A traumaversary is the anniversary of a trauma in your life. For me this particular traumaversary is the eighth anniversary of my cancer diagnosis. I also have tramuaversaries at the times of my parents’ deaths.
I wasn’t too surprised to see that, after I thought of it for this post, the word “traumaversary” is out there on the internet. After all, it makes a lot of sense.
A diagnosis like cancer, one that severely impacts your life, is a trauma. The death of someone you love is a trauma.
But there are many traumas.
You might have traumaversaries connected with other traumatic life events like divorce (yours or your parents’ or grandparents’) or a break up or a surgery or a job loss or a move or a bankruptcy or when you were abused emotionally, physically, or sexually or when someone important to you went to jail or when your life was in danger.
Even if we’re not consciously aware of a traumaversary, our subconscious minds and our bodies are. We carry more muscular tension. We might not sleep well. We might be very irritable or angry. We might be depressed and stay in bed all day. We might want to do and do and do and do and wear ourselves out.
The trauma memory can manifest in many ways.
If you received a cancer diagnosis the day after Labor Day (as I did), Labor Day Weekend can be rough.
If your divorce was final on the 2nd of July, some years you may not enjoy celebrating our nation’s birthday on the 4th of July.
If you were sexually abused by a relative you only saw on holidays, then holidays probably aren’t the fun times for you as they are for others.
Even if we aren’t conscious of these traumaversaries, they have an impact on us. Because—on some level—we remember the pain and connect it with that time of year.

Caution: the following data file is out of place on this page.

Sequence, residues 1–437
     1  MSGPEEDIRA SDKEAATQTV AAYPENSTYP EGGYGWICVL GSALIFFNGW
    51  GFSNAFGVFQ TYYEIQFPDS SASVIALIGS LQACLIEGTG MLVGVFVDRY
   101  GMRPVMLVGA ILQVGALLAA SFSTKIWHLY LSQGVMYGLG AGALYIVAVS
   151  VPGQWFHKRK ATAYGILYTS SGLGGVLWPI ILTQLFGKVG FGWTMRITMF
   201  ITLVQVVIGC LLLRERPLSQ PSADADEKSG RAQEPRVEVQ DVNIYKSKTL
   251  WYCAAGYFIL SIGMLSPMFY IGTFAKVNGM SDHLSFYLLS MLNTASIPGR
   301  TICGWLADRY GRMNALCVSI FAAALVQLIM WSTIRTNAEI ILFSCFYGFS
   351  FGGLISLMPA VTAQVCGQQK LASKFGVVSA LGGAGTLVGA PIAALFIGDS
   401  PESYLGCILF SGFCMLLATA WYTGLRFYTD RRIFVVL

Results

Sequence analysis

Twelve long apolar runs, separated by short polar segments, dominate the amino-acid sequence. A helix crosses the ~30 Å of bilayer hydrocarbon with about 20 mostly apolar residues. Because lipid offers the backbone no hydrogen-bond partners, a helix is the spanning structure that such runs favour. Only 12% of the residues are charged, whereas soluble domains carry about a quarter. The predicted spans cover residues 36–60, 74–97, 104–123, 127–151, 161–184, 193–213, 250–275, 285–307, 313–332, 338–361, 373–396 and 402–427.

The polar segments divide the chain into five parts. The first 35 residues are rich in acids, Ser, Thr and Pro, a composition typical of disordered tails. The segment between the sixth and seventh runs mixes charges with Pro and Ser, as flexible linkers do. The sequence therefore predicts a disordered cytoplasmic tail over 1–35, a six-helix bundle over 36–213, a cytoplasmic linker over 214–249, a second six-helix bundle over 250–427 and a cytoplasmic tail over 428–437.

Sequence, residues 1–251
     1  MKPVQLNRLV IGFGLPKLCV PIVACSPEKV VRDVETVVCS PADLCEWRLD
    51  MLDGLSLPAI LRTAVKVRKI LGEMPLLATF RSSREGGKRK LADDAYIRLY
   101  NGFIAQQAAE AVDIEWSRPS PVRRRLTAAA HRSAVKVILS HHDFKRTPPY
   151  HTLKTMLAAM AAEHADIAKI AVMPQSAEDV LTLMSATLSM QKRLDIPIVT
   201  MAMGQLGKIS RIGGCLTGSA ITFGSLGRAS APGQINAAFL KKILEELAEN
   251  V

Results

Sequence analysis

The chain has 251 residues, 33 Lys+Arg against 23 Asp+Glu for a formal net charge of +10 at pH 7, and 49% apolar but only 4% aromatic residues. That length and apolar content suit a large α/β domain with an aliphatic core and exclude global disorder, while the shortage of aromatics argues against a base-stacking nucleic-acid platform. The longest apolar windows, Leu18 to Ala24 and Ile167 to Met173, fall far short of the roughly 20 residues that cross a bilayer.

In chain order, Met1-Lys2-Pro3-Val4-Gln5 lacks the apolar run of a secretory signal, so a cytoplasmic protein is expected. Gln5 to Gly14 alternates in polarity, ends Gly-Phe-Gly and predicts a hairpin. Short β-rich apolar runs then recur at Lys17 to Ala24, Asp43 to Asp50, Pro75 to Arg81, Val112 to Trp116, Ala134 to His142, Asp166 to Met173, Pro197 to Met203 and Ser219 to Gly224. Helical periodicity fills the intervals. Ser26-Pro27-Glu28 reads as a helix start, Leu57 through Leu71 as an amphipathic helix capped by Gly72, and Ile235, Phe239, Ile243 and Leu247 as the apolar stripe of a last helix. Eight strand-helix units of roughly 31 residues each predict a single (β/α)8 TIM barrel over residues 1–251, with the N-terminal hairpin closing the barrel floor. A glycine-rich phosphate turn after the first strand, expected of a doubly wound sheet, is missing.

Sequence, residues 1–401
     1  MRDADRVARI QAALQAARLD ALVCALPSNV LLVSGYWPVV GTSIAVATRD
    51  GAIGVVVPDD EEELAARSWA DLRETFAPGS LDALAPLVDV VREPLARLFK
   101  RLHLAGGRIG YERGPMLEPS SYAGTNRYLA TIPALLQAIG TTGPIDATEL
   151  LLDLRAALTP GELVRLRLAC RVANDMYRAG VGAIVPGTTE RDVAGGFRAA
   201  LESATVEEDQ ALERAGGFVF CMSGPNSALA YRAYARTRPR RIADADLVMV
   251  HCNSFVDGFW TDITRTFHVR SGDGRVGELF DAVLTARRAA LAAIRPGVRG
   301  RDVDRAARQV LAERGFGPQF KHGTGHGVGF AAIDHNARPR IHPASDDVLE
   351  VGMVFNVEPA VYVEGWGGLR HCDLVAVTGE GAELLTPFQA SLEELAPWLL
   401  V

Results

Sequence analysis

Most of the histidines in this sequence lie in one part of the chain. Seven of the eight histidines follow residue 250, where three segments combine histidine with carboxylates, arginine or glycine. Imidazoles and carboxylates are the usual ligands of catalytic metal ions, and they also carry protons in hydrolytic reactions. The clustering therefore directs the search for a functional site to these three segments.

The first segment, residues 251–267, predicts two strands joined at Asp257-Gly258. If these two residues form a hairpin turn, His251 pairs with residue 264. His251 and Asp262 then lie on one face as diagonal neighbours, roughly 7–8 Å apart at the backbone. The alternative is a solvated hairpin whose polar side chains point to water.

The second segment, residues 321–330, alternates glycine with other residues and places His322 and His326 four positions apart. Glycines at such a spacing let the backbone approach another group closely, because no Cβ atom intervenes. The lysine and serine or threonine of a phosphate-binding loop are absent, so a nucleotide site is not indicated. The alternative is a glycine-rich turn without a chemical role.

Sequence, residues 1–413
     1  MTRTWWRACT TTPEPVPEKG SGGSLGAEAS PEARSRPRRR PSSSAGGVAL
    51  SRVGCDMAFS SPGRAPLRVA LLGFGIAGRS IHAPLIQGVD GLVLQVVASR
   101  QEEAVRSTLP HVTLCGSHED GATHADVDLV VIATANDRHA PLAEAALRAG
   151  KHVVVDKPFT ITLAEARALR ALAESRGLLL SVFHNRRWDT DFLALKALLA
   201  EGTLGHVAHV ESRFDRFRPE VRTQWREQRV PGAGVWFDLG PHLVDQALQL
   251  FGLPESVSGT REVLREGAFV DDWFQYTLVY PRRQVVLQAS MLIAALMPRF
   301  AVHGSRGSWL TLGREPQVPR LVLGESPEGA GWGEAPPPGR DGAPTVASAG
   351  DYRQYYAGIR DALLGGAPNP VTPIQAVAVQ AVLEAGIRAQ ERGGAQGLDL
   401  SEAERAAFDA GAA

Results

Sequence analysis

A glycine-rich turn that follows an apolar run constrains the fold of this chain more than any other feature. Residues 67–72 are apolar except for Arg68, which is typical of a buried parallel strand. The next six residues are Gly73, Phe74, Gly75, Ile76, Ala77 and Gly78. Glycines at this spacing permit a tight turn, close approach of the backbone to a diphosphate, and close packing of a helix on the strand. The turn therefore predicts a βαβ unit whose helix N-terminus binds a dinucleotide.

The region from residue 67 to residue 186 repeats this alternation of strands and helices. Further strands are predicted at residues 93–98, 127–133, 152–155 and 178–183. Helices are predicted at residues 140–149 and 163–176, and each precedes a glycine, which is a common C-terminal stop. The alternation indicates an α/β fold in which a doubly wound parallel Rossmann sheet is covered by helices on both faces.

I start feeling the anniversary effects of my breast cancer diagnosis in August. Some years it begins in early August. This year it began in mid-August. It seems connected with the slant of afternoon light as the season is changing.
I realized a couple of weeks ago that I was imagining nearly every one of my physical pains as a life-ending one. Or at least a big-impact one. I was Googling every symptom, worrying about what it meant. I was feeling particularly anxious.
Now that doesn’t mean I don’t have a new health problem. But I’m aware that near a traumaversary, I’m more on edge and likely to blow things out of proportion. More inclined to worry about everything.
And after my double knee replacement on September 14th two years ago, I have a smaller traumaversary in September, too, since that surgery changed my life with challenges (and persisting physical pain).
A traumaversay can have an impact in myriad ways, depending on your personality. So you need to pay attention to see how it manifests for you. For me it’s usually a health concern (probably because these particular traumas were health-related).
You can be sure that the impact will manifest in a way that makes deep sense for you—even if it would make no sense for someone else.
So how do I choose to honor my traumaversary this year?
This time I’m honoring it my usual ways of journaling and yoga.
But this time I’m also honoring it by not pushing—not trying to make myself feel it. Also by not running away and doing to distract myself.
I’m honoring it by trying to be more present, by leaving openings to feel what I need to feel.
By not filling up my time with doing.
By leaving openings to feel the fear and the sadness and the uncertainty that a cancer diagnosis brought to me.
By leaving openings so I can feel the losses that cancer treatment imposed.
And also by giving myself a break, not beating myself up over whatever it is I think I need.
By allowing myself uncertainty.
Because sometimes I don’t know what I need.
And that’s okay.
Each traumaversary is different. Each traumaversary is its own.
I can’t predict what I will experience each year. Because each year is different.
So I try to be present with whatever comes up. And to remember that lots of what comes up is connected with this traumaversary.
And I try to remember that it comes up for my healing.
To allow me to heal the wound that is connected with this trauma.
Little by little, year by year.
Though I don’t know if we’re ever completely healed from traumas, I do believe we can make progress.
We learn and grow as we honor our most difficult times.
And we learn and grow as we realize that surviving trauma can contribute to making a resilient, compassionate, more wise person.
One who is wise enough to honor her traumas.